Hence, it results in geometric mean


where N is the number of assessments j during cluster tracking.

5.3 Application of the selective criterion

The inclusion of a cluster Ciin the merit order list during its tracking is subject to


where Vis a global threshold given for the cluster score. The merit order list is updated keyframe by keyframe. Hence, if Ciis already in the list, its score is simply actualized.

If Vis set too high, many landmarks might be created, and the network could be unnecessarily too dense. The optimal number of bifurcations per corridor should satisfy a general rule that the distance between two consecutive BPs is spanned by about 20 nodes. On the other hand, if the branches are too scattered, Vcould be too high.

When a new node is created, C-SLAM immediately evaluates the next most promising direction to lead the vehicle into the unknown environment with the goal of exploration. Therefore, the highest score refers to the cluster with which the reference path η̂ref should be continued.

In addition, C-SLAM checks whether the second highest score corresponds to an active cluster and in which case decides to set a landmark. Another more cautious strategy is to set a landmark when the second highest cluster just disappears from the list.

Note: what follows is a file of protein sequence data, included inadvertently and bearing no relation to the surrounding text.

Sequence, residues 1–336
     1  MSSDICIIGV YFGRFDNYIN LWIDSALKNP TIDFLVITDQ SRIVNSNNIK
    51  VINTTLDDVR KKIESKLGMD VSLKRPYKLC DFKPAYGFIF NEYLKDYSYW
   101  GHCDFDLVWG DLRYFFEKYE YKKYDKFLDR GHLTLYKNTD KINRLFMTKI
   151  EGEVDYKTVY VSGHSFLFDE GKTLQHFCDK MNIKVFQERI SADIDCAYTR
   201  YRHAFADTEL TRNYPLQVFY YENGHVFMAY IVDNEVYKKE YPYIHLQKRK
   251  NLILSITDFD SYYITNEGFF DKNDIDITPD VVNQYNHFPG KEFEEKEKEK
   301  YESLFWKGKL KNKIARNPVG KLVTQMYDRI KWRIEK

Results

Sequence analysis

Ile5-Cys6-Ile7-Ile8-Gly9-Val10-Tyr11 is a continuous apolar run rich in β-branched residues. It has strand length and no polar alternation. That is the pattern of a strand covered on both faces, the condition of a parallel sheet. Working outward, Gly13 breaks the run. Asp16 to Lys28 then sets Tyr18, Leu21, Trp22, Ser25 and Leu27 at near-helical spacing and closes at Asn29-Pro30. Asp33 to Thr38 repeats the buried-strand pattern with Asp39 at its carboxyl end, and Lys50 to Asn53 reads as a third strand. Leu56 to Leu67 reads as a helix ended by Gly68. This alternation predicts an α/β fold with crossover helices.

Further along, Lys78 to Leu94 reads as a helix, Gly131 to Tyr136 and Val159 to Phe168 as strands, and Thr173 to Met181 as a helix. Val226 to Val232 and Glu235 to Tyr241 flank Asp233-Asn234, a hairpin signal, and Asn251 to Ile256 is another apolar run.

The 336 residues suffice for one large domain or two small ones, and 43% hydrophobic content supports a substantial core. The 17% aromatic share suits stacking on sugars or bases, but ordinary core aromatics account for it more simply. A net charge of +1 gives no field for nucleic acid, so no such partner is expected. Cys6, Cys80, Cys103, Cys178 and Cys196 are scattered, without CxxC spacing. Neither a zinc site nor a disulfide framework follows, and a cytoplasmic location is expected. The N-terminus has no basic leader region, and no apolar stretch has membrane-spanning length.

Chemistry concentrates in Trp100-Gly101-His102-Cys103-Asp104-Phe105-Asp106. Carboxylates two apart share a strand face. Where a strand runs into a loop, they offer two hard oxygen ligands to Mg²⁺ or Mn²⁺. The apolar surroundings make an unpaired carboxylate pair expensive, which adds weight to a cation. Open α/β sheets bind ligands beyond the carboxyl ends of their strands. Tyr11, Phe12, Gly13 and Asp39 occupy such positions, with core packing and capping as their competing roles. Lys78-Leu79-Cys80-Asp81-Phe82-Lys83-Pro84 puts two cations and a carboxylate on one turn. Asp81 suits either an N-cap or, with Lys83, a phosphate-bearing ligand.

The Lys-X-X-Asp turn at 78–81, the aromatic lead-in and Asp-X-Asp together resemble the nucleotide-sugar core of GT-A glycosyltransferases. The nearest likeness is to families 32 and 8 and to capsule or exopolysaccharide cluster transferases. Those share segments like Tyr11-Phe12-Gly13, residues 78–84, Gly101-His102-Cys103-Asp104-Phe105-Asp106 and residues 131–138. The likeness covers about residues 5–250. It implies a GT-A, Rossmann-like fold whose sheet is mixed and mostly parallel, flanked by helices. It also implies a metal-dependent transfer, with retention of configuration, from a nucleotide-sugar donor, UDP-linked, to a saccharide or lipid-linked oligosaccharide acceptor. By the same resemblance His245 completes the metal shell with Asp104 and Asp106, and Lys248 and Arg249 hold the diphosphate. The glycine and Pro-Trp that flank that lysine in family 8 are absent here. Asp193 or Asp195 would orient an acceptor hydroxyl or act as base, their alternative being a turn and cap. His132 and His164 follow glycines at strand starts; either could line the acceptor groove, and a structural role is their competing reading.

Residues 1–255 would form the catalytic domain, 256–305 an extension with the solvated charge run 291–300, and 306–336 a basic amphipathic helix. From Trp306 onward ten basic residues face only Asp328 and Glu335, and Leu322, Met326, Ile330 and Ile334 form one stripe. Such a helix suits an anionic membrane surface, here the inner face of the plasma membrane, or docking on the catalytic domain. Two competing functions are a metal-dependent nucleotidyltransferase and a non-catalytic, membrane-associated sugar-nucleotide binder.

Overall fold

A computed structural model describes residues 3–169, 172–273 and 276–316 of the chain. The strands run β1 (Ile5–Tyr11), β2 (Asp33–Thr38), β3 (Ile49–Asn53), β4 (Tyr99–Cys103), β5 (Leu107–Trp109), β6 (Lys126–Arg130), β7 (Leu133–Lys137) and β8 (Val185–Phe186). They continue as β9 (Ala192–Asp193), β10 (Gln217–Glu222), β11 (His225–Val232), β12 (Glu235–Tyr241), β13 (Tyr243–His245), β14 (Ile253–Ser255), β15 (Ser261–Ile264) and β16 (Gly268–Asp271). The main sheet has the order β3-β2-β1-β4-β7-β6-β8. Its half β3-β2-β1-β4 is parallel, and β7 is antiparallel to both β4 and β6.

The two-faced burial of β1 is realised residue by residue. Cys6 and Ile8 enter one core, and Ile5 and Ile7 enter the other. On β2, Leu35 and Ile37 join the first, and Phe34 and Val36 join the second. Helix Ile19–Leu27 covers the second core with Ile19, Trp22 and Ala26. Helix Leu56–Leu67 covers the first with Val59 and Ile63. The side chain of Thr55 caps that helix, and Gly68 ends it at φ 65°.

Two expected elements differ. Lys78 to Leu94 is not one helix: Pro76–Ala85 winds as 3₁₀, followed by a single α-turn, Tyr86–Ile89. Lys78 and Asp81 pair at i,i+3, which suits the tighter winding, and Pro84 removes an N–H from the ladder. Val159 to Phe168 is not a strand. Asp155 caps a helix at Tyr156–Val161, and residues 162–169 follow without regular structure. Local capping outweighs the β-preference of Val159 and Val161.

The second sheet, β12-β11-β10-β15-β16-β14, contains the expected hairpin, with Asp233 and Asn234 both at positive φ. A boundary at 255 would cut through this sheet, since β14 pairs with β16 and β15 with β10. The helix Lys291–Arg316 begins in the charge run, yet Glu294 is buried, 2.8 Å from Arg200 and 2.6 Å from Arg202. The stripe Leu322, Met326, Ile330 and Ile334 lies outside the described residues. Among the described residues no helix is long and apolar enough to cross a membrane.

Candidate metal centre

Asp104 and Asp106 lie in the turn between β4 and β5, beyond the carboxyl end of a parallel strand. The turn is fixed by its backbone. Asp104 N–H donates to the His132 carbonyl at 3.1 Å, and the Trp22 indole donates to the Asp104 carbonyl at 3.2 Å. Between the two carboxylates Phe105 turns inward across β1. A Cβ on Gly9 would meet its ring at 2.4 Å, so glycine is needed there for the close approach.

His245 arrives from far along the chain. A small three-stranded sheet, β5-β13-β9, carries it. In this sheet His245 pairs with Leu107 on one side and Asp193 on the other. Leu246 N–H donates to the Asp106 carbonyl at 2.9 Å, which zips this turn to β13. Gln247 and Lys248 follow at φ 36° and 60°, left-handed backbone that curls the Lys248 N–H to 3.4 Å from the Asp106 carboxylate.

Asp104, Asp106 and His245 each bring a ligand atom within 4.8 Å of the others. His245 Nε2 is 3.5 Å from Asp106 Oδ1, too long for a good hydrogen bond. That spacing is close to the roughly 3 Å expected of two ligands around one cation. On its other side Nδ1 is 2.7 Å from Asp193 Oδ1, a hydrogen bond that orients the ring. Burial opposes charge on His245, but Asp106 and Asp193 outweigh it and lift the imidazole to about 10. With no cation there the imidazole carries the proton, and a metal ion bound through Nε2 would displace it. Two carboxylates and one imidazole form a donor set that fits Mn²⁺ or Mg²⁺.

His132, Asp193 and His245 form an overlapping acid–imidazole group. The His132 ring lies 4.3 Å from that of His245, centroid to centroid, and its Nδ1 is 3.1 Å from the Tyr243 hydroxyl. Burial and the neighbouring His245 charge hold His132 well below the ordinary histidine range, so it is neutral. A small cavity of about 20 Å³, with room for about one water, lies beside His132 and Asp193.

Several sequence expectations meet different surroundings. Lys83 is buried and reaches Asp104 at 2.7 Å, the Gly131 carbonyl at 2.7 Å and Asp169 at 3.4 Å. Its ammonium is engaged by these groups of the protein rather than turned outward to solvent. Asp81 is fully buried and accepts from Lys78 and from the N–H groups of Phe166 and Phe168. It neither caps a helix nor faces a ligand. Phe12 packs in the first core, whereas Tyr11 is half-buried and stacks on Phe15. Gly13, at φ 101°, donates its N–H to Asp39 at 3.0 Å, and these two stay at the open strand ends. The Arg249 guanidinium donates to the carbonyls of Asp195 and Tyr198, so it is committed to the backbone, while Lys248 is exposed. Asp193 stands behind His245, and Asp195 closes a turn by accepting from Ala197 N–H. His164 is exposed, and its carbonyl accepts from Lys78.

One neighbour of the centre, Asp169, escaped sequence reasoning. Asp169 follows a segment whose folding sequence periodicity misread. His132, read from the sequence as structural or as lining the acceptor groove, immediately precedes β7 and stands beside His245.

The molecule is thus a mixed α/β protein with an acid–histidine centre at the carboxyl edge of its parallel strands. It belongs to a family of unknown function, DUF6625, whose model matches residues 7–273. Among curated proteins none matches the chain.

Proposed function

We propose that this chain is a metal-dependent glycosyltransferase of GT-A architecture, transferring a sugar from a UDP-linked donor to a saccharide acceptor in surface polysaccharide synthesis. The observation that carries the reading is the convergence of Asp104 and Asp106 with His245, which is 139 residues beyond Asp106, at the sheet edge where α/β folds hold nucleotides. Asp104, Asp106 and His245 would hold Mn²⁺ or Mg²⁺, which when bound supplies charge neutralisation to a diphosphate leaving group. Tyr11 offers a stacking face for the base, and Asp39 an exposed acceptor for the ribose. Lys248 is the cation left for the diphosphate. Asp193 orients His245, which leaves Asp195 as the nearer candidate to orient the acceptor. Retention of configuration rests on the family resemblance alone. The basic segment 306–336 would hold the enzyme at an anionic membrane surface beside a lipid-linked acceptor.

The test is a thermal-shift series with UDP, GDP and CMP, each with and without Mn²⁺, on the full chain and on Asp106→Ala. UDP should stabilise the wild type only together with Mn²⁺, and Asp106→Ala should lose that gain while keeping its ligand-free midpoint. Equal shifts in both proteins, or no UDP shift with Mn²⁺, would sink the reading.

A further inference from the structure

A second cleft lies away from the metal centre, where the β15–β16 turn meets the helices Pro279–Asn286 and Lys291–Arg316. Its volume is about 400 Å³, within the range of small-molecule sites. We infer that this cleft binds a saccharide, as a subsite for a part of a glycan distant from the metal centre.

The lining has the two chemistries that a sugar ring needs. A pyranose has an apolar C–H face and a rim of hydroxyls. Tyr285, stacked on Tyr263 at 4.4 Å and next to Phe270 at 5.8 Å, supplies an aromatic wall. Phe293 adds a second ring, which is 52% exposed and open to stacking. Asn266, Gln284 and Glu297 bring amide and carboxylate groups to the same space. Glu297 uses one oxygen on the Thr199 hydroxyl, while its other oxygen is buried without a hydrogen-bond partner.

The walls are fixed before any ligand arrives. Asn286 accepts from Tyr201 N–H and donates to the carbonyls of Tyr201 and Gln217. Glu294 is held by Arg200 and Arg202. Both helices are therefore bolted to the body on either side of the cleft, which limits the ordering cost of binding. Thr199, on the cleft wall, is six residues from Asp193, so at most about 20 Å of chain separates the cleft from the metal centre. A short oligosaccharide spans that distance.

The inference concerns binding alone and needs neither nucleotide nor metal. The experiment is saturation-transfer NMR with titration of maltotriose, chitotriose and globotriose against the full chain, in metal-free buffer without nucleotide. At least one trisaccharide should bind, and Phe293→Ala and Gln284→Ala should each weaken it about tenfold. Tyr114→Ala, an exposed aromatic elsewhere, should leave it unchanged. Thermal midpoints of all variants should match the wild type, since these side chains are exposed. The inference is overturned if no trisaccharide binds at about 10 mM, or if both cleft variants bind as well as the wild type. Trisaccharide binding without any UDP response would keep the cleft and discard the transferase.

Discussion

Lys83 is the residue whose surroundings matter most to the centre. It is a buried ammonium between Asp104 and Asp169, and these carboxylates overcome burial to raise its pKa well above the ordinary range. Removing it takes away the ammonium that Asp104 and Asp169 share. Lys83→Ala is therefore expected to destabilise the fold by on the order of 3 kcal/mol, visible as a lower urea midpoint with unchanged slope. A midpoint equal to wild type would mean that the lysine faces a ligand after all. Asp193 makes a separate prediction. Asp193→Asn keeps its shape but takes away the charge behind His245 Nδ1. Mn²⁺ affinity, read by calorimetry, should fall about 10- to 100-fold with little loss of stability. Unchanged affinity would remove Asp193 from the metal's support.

Landmarks can be also consolidated in the return and in every passage on any explored corridor. On the other side, the landmark cost may decrease so much that it is to be removed from the list. In this way, landmarks are permanently evaluated up to the moment they are employed to bifurcate into the corridor. At this moment, they change their status from LM to BP and disappear from the list forever.

In a changing environment, the adaptation of Ns, LMs, and BPs after a long period is necessary. This allows a renewal of the corridor network as needed (cf. [7, 31]).